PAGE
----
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Summary

Evelyn is a Creole woman who comes of age in New Orleans at the height of World War II. Her family inhabits the upper echelon of black society, and when she falls for no-name Renard, she is forced to choose between her life of privilege and the man she loves.

In 1982, Evelyn's daughter Jackie is a frazzled single mother grappling with her absent husband's drug addiction. Just as she comes to terms with his abandoning the family, he returns, ready to resume their old life. Jackie must decide if the promise of her husband is worth the near certainty that he will leave again.

Jackie's son T. C. loves the creative process of growing marijuana more than the weed itself. He finds something hypnotic about training the seedlings, testing the levels, trimming the leaves, and drying the buds. He was a square before Hurricane Katrina, but the New Orleans he knew didn't survive the storm, and in its wake he was changed too. Now, fresh out of a four-month stint for possession with the intent to distribute, he decides to start over - until an old friend convinces him to stake his new beginning on one last deal.

For Evelyn, Jim Crow is an ongoing reality, and in its wake, new threats spring up to haunt her descendants. A Kind of Freedom is an urgent novel that explores the legacy of racial disparity in the South through a poignant and redemptive family history.

©2017 Blackstone Audio, Inc. (P)2017 Margaret Wilkerson Sexton

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  • JYM-Maye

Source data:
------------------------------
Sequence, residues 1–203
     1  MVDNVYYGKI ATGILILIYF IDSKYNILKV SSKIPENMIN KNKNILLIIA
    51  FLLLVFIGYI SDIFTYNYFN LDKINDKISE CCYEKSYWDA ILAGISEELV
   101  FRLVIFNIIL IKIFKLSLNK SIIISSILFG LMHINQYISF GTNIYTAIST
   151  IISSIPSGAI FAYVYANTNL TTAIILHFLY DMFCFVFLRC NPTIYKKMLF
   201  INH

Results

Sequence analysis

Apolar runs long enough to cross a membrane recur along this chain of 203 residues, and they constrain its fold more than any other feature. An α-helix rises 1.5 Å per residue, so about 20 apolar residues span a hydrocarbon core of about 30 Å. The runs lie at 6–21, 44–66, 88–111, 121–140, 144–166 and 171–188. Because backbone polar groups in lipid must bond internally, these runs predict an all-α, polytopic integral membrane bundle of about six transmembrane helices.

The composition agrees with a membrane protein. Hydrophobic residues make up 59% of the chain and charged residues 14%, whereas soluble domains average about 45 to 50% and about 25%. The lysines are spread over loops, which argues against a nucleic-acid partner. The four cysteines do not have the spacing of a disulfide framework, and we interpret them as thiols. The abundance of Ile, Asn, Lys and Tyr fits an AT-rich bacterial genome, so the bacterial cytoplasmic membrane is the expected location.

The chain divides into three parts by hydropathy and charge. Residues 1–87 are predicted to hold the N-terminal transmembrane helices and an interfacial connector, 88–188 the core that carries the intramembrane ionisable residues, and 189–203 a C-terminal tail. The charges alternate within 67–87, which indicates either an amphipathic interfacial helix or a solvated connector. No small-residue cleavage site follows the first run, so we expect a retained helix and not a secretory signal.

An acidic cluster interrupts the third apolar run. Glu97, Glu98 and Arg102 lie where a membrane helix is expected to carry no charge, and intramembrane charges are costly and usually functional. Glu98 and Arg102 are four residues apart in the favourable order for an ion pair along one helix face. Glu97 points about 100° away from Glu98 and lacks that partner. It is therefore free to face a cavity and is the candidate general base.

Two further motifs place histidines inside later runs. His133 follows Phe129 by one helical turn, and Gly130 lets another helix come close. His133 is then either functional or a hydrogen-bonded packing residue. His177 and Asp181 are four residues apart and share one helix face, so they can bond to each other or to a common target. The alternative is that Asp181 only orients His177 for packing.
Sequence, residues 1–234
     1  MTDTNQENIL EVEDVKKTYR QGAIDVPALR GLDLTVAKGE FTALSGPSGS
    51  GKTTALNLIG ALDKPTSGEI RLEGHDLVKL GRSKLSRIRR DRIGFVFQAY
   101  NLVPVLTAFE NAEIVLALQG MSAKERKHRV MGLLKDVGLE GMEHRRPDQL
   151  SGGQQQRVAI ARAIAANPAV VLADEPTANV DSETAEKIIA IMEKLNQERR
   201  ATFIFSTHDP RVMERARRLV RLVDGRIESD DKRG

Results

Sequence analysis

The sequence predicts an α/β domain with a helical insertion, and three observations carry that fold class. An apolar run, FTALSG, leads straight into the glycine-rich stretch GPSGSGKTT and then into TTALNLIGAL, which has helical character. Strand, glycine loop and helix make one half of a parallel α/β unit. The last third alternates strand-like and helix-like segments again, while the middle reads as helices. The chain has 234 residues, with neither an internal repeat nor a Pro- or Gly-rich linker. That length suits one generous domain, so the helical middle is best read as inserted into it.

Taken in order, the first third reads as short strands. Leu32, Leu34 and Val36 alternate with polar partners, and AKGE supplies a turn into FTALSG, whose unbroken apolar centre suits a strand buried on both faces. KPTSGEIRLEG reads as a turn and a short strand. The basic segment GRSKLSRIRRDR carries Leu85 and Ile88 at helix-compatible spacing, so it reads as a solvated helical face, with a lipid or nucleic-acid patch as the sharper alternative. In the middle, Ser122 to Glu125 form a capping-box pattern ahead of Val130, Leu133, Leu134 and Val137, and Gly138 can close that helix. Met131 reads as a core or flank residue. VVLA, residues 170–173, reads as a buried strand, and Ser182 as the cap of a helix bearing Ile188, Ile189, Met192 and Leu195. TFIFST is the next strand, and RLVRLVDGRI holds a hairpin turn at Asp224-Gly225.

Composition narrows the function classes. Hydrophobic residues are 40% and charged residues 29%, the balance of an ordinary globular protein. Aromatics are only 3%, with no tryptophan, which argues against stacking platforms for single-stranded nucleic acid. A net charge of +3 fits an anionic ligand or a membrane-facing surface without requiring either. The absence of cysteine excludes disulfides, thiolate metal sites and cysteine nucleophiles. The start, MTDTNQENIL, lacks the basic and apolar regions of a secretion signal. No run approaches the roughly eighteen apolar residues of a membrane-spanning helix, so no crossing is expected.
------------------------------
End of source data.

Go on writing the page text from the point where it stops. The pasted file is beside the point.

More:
• 14-10-17

Left me hanging

Storyline was great, just left me hanging and feeling short changed though. You know how when a book ends setting you up for a sequel? Well it was not that type of ending at all. It just left me saying, what the heck?

3 of 3 people found this review helpful

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    5 out of 5 stars
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  • Bonnie B.
  • 30-09-17

What a beautifully written, engrossing book!

Loved this book; one of the best I've read all year! And I was delighted to learn that it was written by a young alumna of Dartmouth College, where my husband coaches. I couldn't stop listening to this compelling story of three generations of a New Orleans family. It was terrific from start to finish, and is absolutely deserving of the National Book Award nomination it received. Kudos to the narrators, who also did a fantastic job.

2 of 2 people found this review helpful

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  • BJD
  • 10-03-18

A Kind of Freedom from what? A great story that fell into nowhere

I am so disappointed in this book. The characters were rich, the narration superb (I love Bahni Turpin) and the story had so much going for it. Until it didn’t. The ending was so abrupt that I was actually in disbelief to hear that I had reached the conclusion. I have so many unanswered questions that I thought would surely be answered and the story woven together eventually. What a waste of time. I feel so unfulfilled.

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  • Storytellersrus
  • 04-03-18

Multiple POV

I read “Their Eyes Were Watching God” immediately before “A Kind of Freedom” and here, the language is less poetic, characters less developed, depth of feeling not there. I am not a fan of POV hopping. I prefer to get inside one character, which is not this novel; I felt confused and frustrated as the story hopped generations and personalities.

Still, there is much to like about this story: family relationships; dating angst; competition among siblings all contribute to a thoughtful tale worth being told.

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  • Daniel
  • 31-01-18

Great Read

Very well written novel that conveys a common theme in such a unique manner. Highly recommended.